What This Means For You

    • high-quality mammography
    • family history of breast or other related cancers
    • any test results for gene mutations linked to a high risk of breast cancer
    • results of past breast biopsies, even if they were benign
    • personal history of being treated with radiation to the face and/or chest before age 30
    • breast density
    • whether or not you had a full-term pregnancy or breastfed

    Written by: Jamie DePolo, senior editor

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    No : Unusual Swelling

    If there is no reason for your breasts to swell such as the hormonal changes that occur when getting your period or during pregnancy, an infection from breastfeeding, or an injury a change in the size or shape of your breasts could be a sign of breast cancer. Also, be aware of swelling in your armpit or near your collarbone, which could indicate breast cancer that has spread to the lymph nodes. Even if there isnt a lump you can feel, and even though other conditions may cause breast swelling as well, this is still a change worth telling your doctor about.

    Breast Cancer Screening: Understanding The Guidelines

    Breast Cancer Awareness: Risk Factors, Screenings, Treatment Options ...

    Approximately one in eight women will develop invasive breast cancer during her lifetime, according to the American Cancer Society . This post is designed to outline breast cancer screening guidelines.

    Mammography is a very important screening tool for early breast cancer detection, but there are several different guidelines for when to start and how often to undergo mammography, says Dr. Giess. This can be confusing for many women.

    The American College of Radiology recommends annual screening mammography beginning at age 40. The ACS guidelines emphasize screening based on a womans individual risk of developing breast cancer and her personal preferences.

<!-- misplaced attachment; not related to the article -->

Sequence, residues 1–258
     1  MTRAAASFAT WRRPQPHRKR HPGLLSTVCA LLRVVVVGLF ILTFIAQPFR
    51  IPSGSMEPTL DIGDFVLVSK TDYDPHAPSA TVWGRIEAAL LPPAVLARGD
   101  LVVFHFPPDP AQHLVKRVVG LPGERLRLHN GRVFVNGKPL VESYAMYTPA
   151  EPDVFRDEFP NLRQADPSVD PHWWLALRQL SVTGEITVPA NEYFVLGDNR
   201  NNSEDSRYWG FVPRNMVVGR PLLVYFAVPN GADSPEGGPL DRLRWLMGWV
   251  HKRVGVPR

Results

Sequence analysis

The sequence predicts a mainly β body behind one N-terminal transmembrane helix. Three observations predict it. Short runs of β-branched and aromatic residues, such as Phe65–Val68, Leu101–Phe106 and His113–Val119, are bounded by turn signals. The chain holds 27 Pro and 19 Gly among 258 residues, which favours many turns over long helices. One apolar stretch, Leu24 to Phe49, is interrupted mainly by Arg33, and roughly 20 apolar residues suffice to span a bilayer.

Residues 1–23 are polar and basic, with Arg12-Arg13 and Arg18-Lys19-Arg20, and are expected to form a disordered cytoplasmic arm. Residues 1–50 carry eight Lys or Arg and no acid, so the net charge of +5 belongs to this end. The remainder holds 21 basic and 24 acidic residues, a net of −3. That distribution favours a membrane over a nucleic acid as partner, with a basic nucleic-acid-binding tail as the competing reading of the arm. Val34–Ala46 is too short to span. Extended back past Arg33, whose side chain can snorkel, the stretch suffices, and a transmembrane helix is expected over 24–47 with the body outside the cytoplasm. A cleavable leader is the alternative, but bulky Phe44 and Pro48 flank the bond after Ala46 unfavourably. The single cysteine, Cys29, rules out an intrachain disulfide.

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    When To Start Screening

    Clinical trials, observational studies, and modeling studies all demonstrate that the likelihood of avoiding a breast cancer death with regular screening mammography increases with age, and this increase in benefit likely occurs gradually rather than abruptly at any particular age. In contrast, the harms of screening mammography either remain constant or decrease with age. For example, about the same number of breast biopsies are performed as a result of screening mammography in women aged 40 to 49 years as in those aged 60 to 69 years, but many more of these biopsies will result in a diagnosis of invasive cancer in the older age group. Thus, the balance of benefit and harms improves with age .

    It is, however, a false dichotomy to assume that the only options are to begin screening at age 40 or to wait until age 50 years. As women advance through their 40s, the incidence of breast cancer rises. The balance of benefit and harms may also shift accordingly over this decade, such that women in the latter half of the decade likely have a more favorable balance than women in the first half. Indeed, the CISNET models suggest that most of the benefit of screening women aged 40 to 49 years would be realized by starting screening at age 45.7, 8